John C. Sansbury in 2000
After John Sansbury retired as Palm Beach County administrator in 1986, commissioners voted to name the street on which he lived in his honor.
Sansburys Way was to be a capstone to his 11-year tenure leading the county’s staff.
But Sansbury, 68, isn’t quite done with county government — or, at least, he doesn’t want to be done with it.
Sansbury said Monday he plans to file paperwork to run for the County Commission seat being vacated by Paulette Burdick, who can’t run for re-election because of term limits.
“There’s a right way, a wrong way and then there’s Sansburys Way,” he joked.
Former county attorney Gary Brandenburg will serve as Sansbury’s campaign treasurer.
Sansbury’s entrance into the District 2 commission race — he said he plans to file paperwork with the Palm Beach County Supervisor of Elections Office on Tuesday — would make a crowded field even more crowded.
A quartet of Democrats — Gregg Weiss, Sylvia Sharps, Emmanuel Morel and Alex Garcia — have already filed to run in the district, which stretches from Lantana Road in the south to Roebuck Road west of West Palm Beach in the north and from the Intracoastal Waterway in West Palm Beach to Sansburys Way/Lyons Road in the west.
Sansbury, a former Republican, says he plans to run as a Democrat.
“There’s nobody that knows more about Palm Beach County than the person you’re talking to,” he told a reporter.
Sansbury noted that he wrote a letter recommending that Verdenia Baker be promoted to county administrator. He was county administrator when Baker’s predecessor and mentor, Bob Weisman, was hired by the county.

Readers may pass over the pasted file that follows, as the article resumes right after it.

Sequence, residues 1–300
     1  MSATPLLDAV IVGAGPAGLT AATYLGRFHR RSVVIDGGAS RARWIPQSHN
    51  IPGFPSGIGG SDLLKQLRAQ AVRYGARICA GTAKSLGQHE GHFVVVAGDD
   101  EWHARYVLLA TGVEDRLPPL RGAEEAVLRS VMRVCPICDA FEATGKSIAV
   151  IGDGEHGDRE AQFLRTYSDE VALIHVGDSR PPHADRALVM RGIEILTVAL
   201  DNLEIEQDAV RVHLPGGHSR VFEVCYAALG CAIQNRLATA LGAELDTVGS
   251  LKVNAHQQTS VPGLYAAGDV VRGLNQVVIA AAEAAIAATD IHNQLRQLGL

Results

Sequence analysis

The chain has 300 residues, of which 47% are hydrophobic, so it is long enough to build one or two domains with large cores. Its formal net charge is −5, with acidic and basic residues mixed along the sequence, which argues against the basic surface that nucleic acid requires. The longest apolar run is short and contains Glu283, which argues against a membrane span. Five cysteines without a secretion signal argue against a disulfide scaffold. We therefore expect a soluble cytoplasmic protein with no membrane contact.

Weisman retired in 2015 after 24 years as county administrator. The county government center was re-named in honor of Weisman, who also had a street named after him.
The two roads intersect in unincorporated Palm Beach County west of West Palm Beach.
Sansbury has lived on the road named for him for the past 40 years. An older brother, Tom Sansbury, is a former chairman of the Palm Beach County School Board.
After Sansbury left as county administrator, he went into real estate development. He also served as a Port of Palm Beach commissioner from 1988 to 1992. And several of his deals, real estate and otherwise, came under government or public scrutiny, including his steering of a $3,000 port catering job to the Crazy Horse Tavern, a now-defunct bar that he partially owned. The Florida Ethics Commission reprimanded him for the deal in 1991.
Sansbury — who ran again for the Port Commission, and lost, in 2000 — said he’s running for the County Commission seat because he wants to get back into public service.
“I’ve always been involved in public service,” he said.